Location: Infectious Bacterial Diseases ResearchTitle: Comparison of abortion and infection after experimental challenge of pregnant bison and cattle with Brucella abortus strain 2308) Author
Submitted to: Clinical and Vaccine Immunology
Publication Type: Peer reviewed journal
Publication Acceptance Date: 9/23/2011
Publication Date: 12/1/2011
Citation: Olsen, S.C., Johnson, C.S. 2011. Comparison of abortion and infection after experimental challenge of pregnant bison and cattle with Brucella abortus strain 2308. Clinical and Vaccine Immunology. 18(12):2075-2078. Interpretive Summary: Brucella abortus is a bacteria that can cause disease in domestic livestock and people. National eradication programs have been ongoing for decades in an effort to eliminate this disease and protect public health. The persistence of Brucella abortus in bison and elk near Yellowstone National Park is controversial. However, persistence of brucellosis in these reservoirs is a threat for transmission of disease to domestic livestock. In this study, we found that bison had a higher incidence of abortion and infection after experimental challenge than cattle. However, the numbers of bacteria within tissues were similar between cattle and bison. Overall, our study demonstrates similarities and differences between bison and cattle after experimental infection with Brucella abortus. This data will be of benefit to the scientists, livestock producers, and regulatory personnel in understanding the epidemiology and diagnostic responses associated with Brucella abortus infection of bison and cattle.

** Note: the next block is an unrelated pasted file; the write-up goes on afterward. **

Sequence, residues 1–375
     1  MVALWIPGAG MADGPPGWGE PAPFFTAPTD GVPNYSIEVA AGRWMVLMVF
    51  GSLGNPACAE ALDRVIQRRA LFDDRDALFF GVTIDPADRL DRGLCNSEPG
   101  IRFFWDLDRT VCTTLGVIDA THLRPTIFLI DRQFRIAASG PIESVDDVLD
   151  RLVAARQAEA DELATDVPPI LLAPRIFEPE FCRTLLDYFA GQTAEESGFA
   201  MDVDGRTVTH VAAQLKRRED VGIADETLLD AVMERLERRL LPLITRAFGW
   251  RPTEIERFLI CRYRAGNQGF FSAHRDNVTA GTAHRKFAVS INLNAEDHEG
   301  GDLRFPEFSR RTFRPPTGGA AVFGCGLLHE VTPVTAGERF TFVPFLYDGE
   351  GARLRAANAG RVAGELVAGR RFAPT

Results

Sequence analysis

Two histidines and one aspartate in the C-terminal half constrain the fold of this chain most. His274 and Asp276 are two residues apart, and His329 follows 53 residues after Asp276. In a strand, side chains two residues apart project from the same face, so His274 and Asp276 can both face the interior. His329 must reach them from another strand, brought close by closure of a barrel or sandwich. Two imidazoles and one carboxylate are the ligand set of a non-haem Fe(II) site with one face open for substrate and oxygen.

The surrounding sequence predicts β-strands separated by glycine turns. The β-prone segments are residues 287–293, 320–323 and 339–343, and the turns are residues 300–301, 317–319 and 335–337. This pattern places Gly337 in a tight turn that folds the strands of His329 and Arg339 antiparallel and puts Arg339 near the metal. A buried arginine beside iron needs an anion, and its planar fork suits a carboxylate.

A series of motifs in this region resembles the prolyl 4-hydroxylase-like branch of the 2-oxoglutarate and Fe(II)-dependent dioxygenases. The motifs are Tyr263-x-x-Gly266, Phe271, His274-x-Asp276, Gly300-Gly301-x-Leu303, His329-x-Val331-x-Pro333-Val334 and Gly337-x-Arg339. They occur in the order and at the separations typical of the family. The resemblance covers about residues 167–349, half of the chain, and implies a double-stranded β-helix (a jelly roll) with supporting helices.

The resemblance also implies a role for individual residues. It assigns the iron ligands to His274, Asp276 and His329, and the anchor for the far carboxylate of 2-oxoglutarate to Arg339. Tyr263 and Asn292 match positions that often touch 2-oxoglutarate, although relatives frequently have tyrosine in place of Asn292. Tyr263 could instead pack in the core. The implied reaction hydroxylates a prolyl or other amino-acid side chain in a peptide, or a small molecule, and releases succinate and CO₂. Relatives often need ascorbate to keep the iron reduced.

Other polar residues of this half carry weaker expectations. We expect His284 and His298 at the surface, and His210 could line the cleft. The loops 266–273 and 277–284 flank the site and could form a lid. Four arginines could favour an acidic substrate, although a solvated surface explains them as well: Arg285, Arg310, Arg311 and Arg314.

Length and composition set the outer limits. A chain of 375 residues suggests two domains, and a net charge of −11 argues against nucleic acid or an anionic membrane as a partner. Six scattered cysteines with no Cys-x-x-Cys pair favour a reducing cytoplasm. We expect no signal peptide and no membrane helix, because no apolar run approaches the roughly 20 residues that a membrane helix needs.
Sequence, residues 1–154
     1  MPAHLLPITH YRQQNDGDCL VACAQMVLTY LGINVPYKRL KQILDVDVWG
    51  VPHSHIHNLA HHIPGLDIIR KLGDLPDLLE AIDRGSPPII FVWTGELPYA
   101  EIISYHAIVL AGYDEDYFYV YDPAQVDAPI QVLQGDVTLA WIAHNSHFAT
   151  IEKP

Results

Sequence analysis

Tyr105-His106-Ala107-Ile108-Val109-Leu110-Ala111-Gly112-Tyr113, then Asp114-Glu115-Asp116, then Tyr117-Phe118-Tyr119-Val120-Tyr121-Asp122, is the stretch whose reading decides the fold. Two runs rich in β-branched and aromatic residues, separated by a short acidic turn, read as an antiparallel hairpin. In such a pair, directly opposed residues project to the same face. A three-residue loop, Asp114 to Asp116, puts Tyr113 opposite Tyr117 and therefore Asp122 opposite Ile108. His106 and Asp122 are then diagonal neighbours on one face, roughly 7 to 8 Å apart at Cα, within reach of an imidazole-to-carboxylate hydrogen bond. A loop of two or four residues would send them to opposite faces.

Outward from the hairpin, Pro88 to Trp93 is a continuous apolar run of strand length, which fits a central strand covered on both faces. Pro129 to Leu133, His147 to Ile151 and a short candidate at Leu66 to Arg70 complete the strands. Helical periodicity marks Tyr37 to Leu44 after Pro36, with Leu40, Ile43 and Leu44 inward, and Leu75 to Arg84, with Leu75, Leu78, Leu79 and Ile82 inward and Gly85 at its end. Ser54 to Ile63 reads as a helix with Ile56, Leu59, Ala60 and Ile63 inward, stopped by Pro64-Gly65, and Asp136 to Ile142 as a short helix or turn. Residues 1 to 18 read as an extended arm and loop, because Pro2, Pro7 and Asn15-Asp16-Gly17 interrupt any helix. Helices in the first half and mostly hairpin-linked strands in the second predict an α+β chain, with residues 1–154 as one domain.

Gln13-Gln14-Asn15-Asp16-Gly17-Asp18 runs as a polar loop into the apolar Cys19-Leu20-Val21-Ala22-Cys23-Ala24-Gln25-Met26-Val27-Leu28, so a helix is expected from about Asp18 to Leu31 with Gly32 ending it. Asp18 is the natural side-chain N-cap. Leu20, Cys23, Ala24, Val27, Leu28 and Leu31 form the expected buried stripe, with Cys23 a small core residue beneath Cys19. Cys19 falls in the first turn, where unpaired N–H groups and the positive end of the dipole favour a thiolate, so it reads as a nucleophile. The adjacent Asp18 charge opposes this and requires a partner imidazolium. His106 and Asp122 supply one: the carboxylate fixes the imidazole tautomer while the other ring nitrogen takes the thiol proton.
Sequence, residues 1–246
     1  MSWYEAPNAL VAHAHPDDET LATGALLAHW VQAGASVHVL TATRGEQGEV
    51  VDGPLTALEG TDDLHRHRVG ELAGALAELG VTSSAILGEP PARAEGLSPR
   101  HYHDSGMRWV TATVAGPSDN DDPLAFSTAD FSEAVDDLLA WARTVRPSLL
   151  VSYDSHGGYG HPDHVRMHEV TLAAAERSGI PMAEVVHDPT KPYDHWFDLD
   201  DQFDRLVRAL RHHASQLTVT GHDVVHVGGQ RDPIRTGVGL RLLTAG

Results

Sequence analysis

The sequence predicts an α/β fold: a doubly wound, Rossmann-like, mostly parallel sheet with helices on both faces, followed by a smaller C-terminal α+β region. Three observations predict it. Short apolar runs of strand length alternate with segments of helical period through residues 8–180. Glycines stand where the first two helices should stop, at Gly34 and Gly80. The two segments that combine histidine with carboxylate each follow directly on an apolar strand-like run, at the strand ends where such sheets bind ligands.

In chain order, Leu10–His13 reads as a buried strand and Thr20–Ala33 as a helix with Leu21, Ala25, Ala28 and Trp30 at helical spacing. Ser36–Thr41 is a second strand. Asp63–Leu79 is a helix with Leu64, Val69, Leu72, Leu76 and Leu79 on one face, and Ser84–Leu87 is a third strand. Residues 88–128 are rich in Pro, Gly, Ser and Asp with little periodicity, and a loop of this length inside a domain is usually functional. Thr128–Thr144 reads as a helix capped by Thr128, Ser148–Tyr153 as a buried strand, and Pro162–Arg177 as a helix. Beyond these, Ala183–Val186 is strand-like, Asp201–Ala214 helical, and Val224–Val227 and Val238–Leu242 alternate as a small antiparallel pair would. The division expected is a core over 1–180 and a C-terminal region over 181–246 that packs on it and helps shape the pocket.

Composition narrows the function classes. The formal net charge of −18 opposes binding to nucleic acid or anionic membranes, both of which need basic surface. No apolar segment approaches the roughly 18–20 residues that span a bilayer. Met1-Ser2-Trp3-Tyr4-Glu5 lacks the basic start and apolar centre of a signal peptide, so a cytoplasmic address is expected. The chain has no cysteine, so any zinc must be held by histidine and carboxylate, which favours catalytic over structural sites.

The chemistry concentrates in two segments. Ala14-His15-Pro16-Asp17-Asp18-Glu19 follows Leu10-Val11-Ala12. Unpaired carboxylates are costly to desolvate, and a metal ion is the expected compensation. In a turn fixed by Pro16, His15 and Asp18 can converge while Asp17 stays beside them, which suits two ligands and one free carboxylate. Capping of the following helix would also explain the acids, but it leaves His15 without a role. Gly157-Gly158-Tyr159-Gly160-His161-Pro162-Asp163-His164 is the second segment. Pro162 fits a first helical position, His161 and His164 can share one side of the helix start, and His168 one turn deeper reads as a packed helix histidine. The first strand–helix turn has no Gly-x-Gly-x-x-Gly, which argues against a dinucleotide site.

Technical Abstract: A comparative study was conducted using data from naive bison (n=45) and cattle (n=46) from 8 and 6 studies, respectively, in which a standardized Brucella abortus strain 2308 experimental challenge was administered. The incidence of abortion, fetal infection, uterine or mammary infection, or infection in maternal tissues after experimental challenge was greater (P<0.05) in bison as compared to cattle. In animals that did abort, the time between experimental challenge and abortion was shorter (P<0.05) for bison when compared to cattle. Brucella colonization of four target tissues, and serologic responses on the standard tube agglutination test at the time of abortion, did not differ (P>0.05) between cattle and bison. The results of our study suggest that naive bison and cattle have similarities and differences after experimental exposure to a virulent B. abortus strain. Although our data suggests that bison may be more susceptible to infection with Brucella, some pathogenic characteristics of brucellosis were similar between bison and cattle.